How 'Fish Plays Pokemon' gathered an audience of thousands

Co-creator Patrick Facheris explains the magic behind's latest phenomenon, "Fish Plays Pokemon."
Grayson Hopper, the fish, plays Pokemon.

Right now, thousands of gamers are waiting for Grayson Hopper, a live fish in a tank on a dorm room shelf, to make his move so that a vintage Pokemon video game can progress. Grayson’s owner, Patrick Facheris and Catherine Moresco, rigged up special controls so that the fish’s actions steer the game. More than 30,000 viewers have tuned in on to watch the fish and his journey to become a Pokemon master. 

“It started a week ago Thursday with just six people watching and blew up overnight,” says Mr. Facheris, a senior computer science and math major at Columbia University. He started the live video stream, titled Fish Plays Pokemon, with Ms. Moresco, a junior physics major at the University of Chicago. “Catherine called me at, like, 3 a.m. one night and said she had this dream about a fish playing Pokemon.”

Facheris and Moresco created the project in just 24 hours to create the game as a part of hackNY's 2014 fellowship program, which is organized by New York University and Columbia University.  

Today, the reddish-orange betta fish is unwittingly “playing” Pokemon Red, the first title in the Pokemon franchise. Grayson is in his bowl, on camera. The camera screen is divided into nine sections, eight of which are command buttons – up, left, right, down, A, B, start, and select. The ninth is a “randomize” key. When the fish swims in one of those sections, a program registers the button command and inputs it into the game.

“I’m really shocked that it’s getting so huge, but I guess I shouldn’t, because I recently heard Jonah Peretti, [chief executive officer] of Buzzfeed, say in a lecture that to make something go viral you had to be willing to make it something you’d talk about at a party,” says Facheris. “What could be a better conversation starter than a real fish playing Pokemon?”

The game is also clearly a riff on Twitch Plays Pokemon, in which viewers voted on their next move. The mad dash between anarchy and democracy went viral back in February. It attracted more than 200,000 players at a time collectively playing the vintage game.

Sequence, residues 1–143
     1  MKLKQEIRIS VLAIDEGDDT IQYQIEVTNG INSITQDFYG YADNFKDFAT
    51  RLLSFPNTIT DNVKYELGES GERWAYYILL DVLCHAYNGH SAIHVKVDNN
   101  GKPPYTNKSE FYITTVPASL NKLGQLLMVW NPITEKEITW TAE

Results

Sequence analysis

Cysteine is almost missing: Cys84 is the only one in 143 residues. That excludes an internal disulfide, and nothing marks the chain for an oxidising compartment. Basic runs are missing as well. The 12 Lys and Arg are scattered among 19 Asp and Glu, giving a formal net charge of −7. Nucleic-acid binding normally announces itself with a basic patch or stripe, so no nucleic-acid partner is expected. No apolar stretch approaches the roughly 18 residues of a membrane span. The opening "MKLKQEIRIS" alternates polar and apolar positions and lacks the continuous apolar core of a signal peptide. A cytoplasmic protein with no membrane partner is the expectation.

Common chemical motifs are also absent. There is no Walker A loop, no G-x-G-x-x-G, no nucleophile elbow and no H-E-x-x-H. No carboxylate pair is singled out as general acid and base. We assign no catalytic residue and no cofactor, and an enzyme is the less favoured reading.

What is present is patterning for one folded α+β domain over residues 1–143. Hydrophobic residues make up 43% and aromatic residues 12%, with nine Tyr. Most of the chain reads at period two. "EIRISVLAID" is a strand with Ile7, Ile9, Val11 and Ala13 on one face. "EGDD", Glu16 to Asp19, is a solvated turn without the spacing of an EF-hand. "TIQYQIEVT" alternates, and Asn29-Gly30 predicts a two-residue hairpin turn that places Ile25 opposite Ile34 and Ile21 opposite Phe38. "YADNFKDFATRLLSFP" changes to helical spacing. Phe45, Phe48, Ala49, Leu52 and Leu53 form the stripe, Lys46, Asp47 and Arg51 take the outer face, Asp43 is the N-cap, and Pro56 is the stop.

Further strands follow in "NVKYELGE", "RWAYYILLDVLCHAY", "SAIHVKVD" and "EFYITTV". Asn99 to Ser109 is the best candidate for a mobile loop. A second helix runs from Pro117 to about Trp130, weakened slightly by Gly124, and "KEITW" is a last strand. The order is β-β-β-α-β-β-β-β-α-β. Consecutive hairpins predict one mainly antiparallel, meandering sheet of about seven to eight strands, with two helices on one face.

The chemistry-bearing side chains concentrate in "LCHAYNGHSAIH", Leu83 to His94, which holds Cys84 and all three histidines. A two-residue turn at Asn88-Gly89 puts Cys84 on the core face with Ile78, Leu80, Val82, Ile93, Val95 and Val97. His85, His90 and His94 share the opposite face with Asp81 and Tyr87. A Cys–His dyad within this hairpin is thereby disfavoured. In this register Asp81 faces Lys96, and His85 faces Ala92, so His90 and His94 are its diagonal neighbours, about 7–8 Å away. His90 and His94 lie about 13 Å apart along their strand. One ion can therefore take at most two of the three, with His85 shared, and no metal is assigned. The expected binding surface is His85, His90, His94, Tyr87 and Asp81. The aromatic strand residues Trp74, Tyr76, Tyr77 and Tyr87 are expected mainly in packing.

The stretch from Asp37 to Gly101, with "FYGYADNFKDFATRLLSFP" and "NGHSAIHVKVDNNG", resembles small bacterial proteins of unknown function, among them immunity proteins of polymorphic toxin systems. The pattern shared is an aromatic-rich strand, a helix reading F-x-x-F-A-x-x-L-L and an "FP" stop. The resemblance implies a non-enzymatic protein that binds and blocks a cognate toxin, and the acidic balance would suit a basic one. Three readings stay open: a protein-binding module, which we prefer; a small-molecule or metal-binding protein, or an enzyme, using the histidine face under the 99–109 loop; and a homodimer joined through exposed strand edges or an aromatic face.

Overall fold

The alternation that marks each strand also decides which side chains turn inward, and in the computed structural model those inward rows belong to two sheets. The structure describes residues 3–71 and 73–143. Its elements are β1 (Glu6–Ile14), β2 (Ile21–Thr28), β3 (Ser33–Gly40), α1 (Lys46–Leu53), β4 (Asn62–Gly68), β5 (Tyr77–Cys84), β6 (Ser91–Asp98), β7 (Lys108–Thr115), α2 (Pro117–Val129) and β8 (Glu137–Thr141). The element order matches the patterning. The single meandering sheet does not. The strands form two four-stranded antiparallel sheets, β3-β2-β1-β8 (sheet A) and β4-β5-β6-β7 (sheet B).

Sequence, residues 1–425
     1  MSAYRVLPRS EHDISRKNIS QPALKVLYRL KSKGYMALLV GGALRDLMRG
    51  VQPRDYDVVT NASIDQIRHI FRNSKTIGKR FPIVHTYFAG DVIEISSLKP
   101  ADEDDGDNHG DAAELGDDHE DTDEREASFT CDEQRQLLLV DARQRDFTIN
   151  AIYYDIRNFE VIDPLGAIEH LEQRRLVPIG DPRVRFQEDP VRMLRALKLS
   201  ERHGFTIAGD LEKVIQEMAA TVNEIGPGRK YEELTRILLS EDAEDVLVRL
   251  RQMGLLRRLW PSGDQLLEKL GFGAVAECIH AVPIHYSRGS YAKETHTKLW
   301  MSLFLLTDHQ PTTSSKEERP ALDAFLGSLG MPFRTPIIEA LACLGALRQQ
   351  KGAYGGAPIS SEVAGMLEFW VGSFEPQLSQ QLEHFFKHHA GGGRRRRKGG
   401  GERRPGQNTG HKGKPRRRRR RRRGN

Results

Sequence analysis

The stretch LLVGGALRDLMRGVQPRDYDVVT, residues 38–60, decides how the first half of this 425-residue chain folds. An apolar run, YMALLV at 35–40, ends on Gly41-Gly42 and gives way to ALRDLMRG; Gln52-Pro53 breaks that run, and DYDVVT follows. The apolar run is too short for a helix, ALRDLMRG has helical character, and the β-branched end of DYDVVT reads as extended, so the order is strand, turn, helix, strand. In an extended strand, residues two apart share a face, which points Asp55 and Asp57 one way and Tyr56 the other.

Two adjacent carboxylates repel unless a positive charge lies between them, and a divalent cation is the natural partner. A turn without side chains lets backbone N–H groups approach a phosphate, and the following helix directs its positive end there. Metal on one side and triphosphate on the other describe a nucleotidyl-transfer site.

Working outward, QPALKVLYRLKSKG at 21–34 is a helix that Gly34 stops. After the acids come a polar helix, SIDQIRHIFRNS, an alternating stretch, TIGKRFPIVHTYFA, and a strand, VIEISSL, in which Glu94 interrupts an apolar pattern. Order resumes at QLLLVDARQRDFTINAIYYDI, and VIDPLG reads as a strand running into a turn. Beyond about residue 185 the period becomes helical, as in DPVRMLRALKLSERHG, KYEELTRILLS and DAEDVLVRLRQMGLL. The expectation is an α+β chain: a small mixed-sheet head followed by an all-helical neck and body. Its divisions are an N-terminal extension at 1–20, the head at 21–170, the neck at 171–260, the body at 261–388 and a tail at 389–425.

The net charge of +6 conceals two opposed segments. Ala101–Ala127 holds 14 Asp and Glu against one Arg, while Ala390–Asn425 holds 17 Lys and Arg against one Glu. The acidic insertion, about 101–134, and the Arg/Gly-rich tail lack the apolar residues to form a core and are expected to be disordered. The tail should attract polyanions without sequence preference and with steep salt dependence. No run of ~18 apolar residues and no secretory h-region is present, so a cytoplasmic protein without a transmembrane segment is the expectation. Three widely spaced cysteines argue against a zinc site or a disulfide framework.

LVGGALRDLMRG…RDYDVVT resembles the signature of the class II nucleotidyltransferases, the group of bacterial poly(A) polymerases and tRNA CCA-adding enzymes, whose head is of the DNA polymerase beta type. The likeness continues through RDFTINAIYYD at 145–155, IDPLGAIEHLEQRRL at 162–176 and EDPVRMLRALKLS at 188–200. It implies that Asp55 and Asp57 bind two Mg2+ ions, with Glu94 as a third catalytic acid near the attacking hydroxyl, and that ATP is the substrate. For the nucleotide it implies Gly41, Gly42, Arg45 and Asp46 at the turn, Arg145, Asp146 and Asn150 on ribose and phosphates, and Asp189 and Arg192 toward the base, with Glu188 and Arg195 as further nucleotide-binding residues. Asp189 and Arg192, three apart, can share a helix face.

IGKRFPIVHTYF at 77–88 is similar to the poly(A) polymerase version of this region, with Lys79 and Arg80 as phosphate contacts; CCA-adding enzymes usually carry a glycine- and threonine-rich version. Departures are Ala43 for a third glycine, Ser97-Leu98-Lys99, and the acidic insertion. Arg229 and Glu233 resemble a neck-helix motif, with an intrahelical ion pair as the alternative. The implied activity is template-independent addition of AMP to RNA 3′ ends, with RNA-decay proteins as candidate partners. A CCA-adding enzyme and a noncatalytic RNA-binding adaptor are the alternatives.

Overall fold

The game screen turns black for about eight hours each night when Facheris goes to bed. He cannot afford a night vision camera or a tank light. The team has turned down two sponsorship offers, he says, but have collected about $175 in donations from viewers.

“Because we are moving into our new dorms today, App Nexus here in New York has offered to host Grayson so he will now have light at night and hopefully there will be no more lapses in game coverage,” Facheris says. “If we get more donations, we would like to get Grayson a bigger tank and a night vision camera.”

Facheris says that any amount collected beyond what Grayson’s needs will be donated to hackNY and the National Wildlife Federation.

Fish Plays Pokemon has no music or sound – and viewers have no control over the game at all. Grayson is fed at 9 a.m. and 9 p.m., which is about the only constant in this game, because it ensures the fish will come to the top of the tank at those times and, in so doing, “select” functions in that area.
 While Twitch Plays Pokemon allowed players to vote on their next move, Fish Plays Pokemon has stripped away the game play. It has turned a popular video game into a spectator sport – or maybe an art installation. It’s now a statement about the mesmerizing, unifying power of gaming culture. A fish can hold the community's attention 24/7. Even when the lights turn out, the online chat room keeps talking.
 It reminds me of the kid who gets a huge gift for his or her birthday and chooses instead to spend the next week playing in the cardboard box the gift came in.
 In fact, that could well be the next big thing – cardboard box. Just overlay the game panel and let a room full of toddlers at it on camera.

You've read  of  free articles. Subscribe to continue.

Dear Reader,

About a year ago, I happened upon this statement about the Monitor in the Harvard Business Review – under the charming heading of “do things that don’t interest you”:

“Many things that end up” being meaningful, writes social scientist Joseph Grenny, “have come from conference workshops, articles, or online videos that began as a chore and ended with an insight. My work in Kenya, for example, was heavily influenced by a Christian Science Monitor article I had forced myself to read 10 years earlier. Sometimes, we call things ‘boring’ simply because they lie outside the box we are currently in.”

If you were to come up with a punchline to a joke about the Monitor, that would probably be it. We’re seen as being global, fair, insightful, and perhaps a bit too earnest. We’re the bran muffin of journalism.

But you know what? We change lives. And I’m going to argue that we change lives precisely because we force open that too-small box that most human beings think they live in.

The Monitor is a peculiar little publication that’s hard for the world to figure out. We’re run by a church, but we’re not only for church members and we’re not about converting people. We’re known as being fair even as the world becomes as polarized as at any time since the newspaper’s founding in 1908.

We have a mission beyond circulation, we want to bridge divides. We’re about kicking down the door of thought everywhere and saying, “You are bigger and more capable than you realize. And we can prove it.”

If you’re looking for bran muffin journalism, you can subscribe to the Monitor for $15. You’ll get the Monitor Weekly magazine, the Monitor Daily email, and unlimited access to